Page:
Jacques Lacan:The Subject of the Unconscious

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The unconscious must "be apprehended in its experience of rupture, between perception and consciousness, in that nontemporal locus... Freud calls another scene."[1]

The unconscious manifests itself at those moments in which processes beyond conscious thought disrupt speech, points when language fails. Lacan defines the unconscious in terms of "impediment", "failure" and "splitting". The unconscious is precisely this gap or rupture in the symbolic chain.

That the unconscious is structured like a language is Lacan's central thesis and probably his most influential contribution to psychoanalysis

The unconscious is governed by the rules of the signifier as it is language

We can only know the unconscious through speech and language; therefore.

the unconscious is constituted through the subject's articulation in the symbolic order. The Lacanian unconscious is not an individual unconscious, in the sense that Freud speaks of the unconscious

The Lacanian unconscious is rather the effect of a trans-individual symbolic order upon the subject. We can draw from this three related theses:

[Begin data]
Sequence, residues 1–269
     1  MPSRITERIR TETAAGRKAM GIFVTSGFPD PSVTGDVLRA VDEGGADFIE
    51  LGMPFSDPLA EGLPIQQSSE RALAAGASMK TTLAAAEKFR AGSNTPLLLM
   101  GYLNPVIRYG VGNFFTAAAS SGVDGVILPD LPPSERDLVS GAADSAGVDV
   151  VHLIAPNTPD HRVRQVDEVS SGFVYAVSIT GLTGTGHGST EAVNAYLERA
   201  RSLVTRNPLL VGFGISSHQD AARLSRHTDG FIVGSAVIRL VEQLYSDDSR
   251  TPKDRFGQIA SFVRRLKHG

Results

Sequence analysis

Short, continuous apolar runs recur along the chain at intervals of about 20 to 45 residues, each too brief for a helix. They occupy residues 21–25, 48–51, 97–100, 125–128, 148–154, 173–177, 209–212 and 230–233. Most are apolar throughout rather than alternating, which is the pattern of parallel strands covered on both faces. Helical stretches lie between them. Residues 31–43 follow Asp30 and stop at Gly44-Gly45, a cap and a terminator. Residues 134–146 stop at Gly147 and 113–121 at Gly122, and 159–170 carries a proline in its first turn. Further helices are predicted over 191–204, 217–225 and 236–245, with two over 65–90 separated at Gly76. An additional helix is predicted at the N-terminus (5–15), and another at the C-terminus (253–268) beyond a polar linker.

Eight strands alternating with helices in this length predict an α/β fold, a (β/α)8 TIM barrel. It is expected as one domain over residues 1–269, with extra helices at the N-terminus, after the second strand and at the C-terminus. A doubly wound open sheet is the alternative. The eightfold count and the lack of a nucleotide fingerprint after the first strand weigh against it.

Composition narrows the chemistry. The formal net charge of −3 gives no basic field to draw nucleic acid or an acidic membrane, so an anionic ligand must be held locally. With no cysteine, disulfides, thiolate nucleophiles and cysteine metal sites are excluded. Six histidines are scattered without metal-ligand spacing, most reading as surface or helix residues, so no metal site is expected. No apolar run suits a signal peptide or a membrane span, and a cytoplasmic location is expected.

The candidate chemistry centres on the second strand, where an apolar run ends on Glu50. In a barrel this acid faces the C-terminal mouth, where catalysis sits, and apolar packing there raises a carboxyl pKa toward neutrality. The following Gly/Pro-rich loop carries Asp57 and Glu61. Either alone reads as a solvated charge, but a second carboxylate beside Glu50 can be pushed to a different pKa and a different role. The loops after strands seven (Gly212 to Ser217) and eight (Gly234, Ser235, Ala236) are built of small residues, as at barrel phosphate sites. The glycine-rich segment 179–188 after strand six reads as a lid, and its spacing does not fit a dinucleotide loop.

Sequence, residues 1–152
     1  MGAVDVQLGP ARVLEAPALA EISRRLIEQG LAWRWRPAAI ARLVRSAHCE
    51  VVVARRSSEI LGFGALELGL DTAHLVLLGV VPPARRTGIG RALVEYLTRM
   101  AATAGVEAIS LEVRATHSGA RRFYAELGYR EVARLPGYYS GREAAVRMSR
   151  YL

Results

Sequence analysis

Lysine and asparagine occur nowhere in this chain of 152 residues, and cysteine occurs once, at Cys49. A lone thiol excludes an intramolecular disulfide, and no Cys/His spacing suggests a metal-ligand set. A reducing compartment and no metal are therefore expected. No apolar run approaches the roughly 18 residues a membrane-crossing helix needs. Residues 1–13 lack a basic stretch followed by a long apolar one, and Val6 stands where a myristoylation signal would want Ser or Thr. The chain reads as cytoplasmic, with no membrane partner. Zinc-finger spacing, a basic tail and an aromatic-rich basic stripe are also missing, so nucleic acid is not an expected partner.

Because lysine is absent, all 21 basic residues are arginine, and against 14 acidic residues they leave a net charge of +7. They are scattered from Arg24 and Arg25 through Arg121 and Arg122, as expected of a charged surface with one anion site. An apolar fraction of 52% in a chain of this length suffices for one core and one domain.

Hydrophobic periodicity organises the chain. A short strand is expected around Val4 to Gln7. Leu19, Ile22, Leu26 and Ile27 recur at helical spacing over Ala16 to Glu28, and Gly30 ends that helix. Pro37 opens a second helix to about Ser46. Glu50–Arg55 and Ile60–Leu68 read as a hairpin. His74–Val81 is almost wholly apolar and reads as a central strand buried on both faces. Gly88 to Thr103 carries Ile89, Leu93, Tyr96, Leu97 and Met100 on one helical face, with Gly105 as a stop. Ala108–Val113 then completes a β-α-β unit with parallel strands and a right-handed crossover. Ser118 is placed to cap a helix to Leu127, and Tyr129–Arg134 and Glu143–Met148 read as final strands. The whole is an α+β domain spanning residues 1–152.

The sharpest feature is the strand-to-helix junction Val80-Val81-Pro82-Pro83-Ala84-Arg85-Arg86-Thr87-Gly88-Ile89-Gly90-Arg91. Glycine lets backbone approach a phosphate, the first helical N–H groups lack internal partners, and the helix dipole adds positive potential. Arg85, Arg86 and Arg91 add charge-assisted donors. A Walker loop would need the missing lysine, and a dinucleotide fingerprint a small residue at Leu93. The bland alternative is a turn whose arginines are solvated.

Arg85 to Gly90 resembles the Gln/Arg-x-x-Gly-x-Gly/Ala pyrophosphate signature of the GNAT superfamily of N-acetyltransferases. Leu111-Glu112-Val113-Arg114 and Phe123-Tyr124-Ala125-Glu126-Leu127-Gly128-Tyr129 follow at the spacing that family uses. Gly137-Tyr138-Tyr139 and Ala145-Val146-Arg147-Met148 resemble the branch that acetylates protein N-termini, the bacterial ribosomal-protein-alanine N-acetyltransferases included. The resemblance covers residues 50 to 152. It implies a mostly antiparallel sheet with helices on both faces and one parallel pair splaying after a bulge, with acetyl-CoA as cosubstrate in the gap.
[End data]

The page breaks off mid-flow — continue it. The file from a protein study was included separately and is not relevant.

1. The unconscious is not biological but is something that signifies.
  2. The unconscious is the effect - the impact - upon the subject of the trans-individual symbolic order.
  3. The unconscious is structured like a language.

Fink argues that the Lacanian unconscious is not only structured like a language but is language, insofar as it is language that makes up the unconscious. This involves us in rethinking, however, what we mean by language. Language, for Lacan, designates not simply verbal speech or written text but any signifying system that is based upon differential relations. The unconscious is structured like a language in the sense that it is a signifying process that involves coding and decoding, or ciphering and deciphering. The unconscious comes into being in the symbolic order in the gap between signifier and signified, through the sliding of the signified beneath the signifier and the failure of meaning to be fixed (see Chapter 2). In short, the unconscious is something that signifies and must be deciphered.


Lacan defines the unconscious as the "discourse of the Other."[2]